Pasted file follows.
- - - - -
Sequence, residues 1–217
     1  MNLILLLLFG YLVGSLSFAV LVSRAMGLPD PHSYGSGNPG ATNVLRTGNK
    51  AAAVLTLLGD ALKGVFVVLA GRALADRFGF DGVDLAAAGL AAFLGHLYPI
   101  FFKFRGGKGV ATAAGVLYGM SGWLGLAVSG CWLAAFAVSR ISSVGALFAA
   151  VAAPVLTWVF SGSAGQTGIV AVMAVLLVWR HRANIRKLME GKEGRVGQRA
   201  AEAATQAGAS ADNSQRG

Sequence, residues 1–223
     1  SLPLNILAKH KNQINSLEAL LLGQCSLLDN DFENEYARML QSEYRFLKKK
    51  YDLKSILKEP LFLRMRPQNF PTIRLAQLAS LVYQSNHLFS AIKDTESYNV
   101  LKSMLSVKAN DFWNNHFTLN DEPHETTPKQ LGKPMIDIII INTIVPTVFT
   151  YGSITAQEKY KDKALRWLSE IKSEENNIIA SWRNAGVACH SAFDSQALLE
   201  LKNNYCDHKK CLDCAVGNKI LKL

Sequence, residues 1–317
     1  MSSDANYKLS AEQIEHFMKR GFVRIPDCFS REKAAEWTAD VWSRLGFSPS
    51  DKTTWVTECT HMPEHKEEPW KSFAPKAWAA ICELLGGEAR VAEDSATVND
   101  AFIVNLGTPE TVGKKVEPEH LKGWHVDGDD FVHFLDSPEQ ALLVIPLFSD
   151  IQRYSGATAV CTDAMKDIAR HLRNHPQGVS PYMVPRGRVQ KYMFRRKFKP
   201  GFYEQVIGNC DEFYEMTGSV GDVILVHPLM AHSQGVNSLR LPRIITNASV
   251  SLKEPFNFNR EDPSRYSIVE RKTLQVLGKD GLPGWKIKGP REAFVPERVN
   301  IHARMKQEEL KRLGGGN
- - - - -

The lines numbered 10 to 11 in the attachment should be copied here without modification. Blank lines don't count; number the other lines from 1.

   101  LKSMLSVKAN DFWNNHFTLN DEPHETTPKQ LGKPMIDIII INTIVPTVFT
   151  YGSITAQEKY KDKALRWLSE IKSEENNIIA SWRNAGVACH SAFDSQALLE